Due to overwhelming demand, I'll start mentioning lesbians in this column.
|Dear Van Hammersmith,|
I'm starting to get seriously pissed (Aren't you glad I'm starting out this way??!) I'm stuck living in a small town. I won't bother with the reasons, I just am. I've always been motivated to get places with my music, though. After being sharked in my last band by a con-artist (can't say I'll ever trust my band over my gut again), I'm now bandless. It's been two years now, and I'm ready to start my next move, and the music I'm writing is killer, and I know who I want to recruit for my band, but HERE's the big issue: the other guitarist I know DOESN'T want a band. I KNOW, I know, find a different guy. But every other player I've met is either seriously lacking in skill/creativity or plays only country covers (I probably know every musician around here - it's THAT little of an area).
The guy I have found is by far the best player I could ever ask for; HE COMPLETES ME. How do I convince this guitar player that a band IS worth it? He knows I'm worth it; knows he's worth it, just doesn't want a band, and without a phone he's damn near impossible to reach, which is only salt in the wound. Advice??? (I think I'm f--ked),
Yeah, you're right, you're... um... that word. Dude, do you know who you are? You're the guy that's fallen in love with a lesbian. She's beautiful and perfect and you guys connect in every single way, and everything is so great, but for some reason this lesbian just doesn't want to be your girlfriend! How? How can you convince her?
Don't waste your life, bro. If your lesbian buddy wants to jam occasionally that's great, but don't keep pestering him if he's already said he's doesn't want to form a band. Keep looking for other players. You must have a good reason to be stuck out there in small town nowhere, so suck it up and keep looking. But please, please, stop falling in love with lesbians.
Oh, and make sure you tell your friend that I called him your lesbian.
|Dear Van Hammersmith,
My question is simple. I'm a decent guitarist, but I have a huge problem with trying to sing while playing any rhythm other than simple sixteenth notes or bashing on barre chords, punk style. I know you said that you can't sing yourself, but can you give me any tips on how to better my vocal independence from my guitar playing?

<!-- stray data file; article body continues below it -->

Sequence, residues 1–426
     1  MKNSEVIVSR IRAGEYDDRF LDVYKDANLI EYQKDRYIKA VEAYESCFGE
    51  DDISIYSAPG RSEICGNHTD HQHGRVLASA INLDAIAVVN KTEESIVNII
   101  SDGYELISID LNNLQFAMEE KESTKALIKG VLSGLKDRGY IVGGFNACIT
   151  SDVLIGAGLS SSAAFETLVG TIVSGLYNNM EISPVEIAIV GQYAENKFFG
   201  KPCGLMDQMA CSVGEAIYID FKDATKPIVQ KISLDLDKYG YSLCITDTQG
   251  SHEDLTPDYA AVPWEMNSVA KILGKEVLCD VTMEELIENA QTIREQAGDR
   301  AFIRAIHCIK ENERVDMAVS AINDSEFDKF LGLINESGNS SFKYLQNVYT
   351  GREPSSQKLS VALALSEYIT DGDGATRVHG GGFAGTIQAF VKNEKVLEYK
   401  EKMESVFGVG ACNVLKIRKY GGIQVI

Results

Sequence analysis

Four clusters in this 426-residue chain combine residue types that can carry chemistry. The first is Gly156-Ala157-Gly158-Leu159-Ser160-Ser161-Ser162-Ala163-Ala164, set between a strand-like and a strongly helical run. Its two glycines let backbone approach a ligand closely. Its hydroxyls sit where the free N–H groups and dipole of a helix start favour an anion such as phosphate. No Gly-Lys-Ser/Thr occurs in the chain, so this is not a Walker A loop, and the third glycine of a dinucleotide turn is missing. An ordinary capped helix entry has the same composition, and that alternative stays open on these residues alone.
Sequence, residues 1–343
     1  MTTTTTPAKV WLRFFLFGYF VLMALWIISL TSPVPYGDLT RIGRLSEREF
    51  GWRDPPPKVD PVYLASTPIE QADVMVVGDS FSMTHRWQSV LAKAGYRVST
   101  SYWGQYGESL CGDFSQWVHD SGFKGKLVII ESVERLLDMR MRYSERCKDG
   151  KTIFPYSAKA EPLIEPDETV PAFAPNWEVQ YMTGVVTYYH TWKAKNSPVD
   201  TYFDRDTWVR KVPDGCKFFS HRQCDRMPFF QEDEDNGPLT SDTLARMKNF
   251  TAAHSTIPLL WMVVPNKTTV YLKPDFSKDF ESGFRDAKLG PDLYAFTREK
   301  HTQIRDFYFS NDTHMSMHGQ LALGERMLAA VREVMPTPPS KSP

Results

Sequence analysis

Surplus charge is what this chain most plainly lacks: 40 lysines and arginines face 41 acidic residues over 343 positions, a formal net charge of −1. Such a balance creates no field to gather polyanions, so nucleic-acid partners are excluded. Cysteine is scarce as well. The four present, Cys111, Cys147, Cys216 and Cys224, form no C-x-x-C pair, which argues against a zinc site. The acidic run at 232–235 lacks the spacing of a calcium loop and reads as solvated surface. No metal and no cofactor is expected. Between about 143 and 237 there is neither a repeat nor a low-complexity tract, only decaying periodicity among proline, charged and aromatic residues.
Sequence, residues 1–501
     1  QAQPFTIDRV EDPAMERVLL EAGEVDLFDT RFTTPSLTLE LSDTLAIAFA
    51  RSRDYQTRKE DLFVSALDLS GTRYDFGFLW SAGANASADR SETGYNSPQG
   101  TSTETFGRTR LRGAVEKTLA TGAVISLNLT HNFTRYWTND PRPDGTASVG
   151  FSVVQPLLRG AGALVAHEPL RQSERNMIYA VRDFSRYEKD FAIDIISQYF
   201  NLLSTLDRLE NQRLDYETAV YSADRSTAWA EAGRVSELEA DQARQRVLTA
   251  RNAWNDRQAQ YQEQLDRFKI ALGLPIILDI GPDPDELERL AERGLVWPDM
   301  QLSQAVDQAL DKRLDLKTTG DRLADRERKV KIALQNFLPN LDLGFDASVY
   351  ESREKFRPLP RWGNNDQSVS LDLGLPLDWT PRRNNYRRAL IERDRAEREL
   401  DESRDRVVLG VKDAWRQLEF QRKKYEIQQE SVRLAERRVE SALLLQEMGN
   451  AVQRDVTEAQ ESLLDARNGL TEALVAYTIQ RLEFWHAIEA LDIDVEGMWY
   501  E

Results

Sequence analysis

"Independence" is the perfect word for it, Sean. Here's what a buddy of mine used to suggest: try to read while you play. As in, set a magazine, newspaper, whatever, out in front of you and try to play your way through a song while reading.
How does this help you? It doesn't! I just think you should read more.
Kidding. But having to read or recite things that are not attached to the simple rhythm of what you're playing will work the brain muscles you're trying to develop. I suggest trying to commit T.S. Eliot's "The Lovesong of J. Alfred Prufrock" to memory while playing, and then trying to recite it back from memory, while still playing. This should take you several months.
If you can do it, make sure you make a video and put it online because it is going to be awesome.
But really, the only way is to practice. Reading while playing is one way to practice. There are others. They also involve playing while singing or speaking. Be creative. Have fun. But really, practice. Everybody gets better at this in time. Even that idiot Hames Jetfield.
|What is your take on playing gigs while either high or drunk? My band plays original music similar sounding of Phish, Grateful Dead, Hendrix, Cream, and Neil Young. We have played shows while we were either high or drunk. Sometimes for me being high, it either ruined the set or made it a great show. Is it a good idea to eat special brownies before playing an acoustic set?
Here's what I believe: practice the way you are going to perform. That means if you guys drink beers while you're jamming and rehearsing, then it's probably okay to have a few before you go on. If you do all the wacky crazy stuff when you practice, then have at it.
Keep this in mind, everyone: you need to rehearse in such a way that you can say, "This is what we want to sound like on stage in front of an audience." If you can get that sound when you're high, then go ahead and try to recreate it in the same condition live. Goodness knows a lot of famous people have performed while wasted.
Just remember that if you look and sound wasted, you've probably screwed up your gig. You don't want people to look at you and say, man, he's wasted. You don't want the people booking you to think that either.
|Dear Van Hammersmith,
I'm 19 and I've played bass for a while now and I just started a band with guys that are really focused. And while everything was going great my drummer started acting all crazy. We've been friends for about a year now but all of a sudden he started being really weird, messing with my personal life and really being an ass! I mean, I'm the bassist, I'm the one who's allowed to act crazy! Also at rehearsals he is really a chore. He never stops when we try to take a time out to discuss what went wrong with a song (and i can do the nick nick Megadeth song only so many times before snapping!) and he tries to impress the others by doing all these fills that ruin the groove!
I'm scared that sooner or later his crazy behavior is gonna scare all the other dudes away (I'm the one who brought him in)! Should I kick him or should I just let him drive others insane and hopefully make it a group decision??|
Have you tried yelling at him? Seriously, have you tried just screaming your head off at him? Something along the lines of: "Hey, stop playing dammit! Can't you see we're trying to... Hey! Stop playing! Hey! STOP!"
"Hey! Stop messing around with my personal life, man! You've got no business messing with my business!"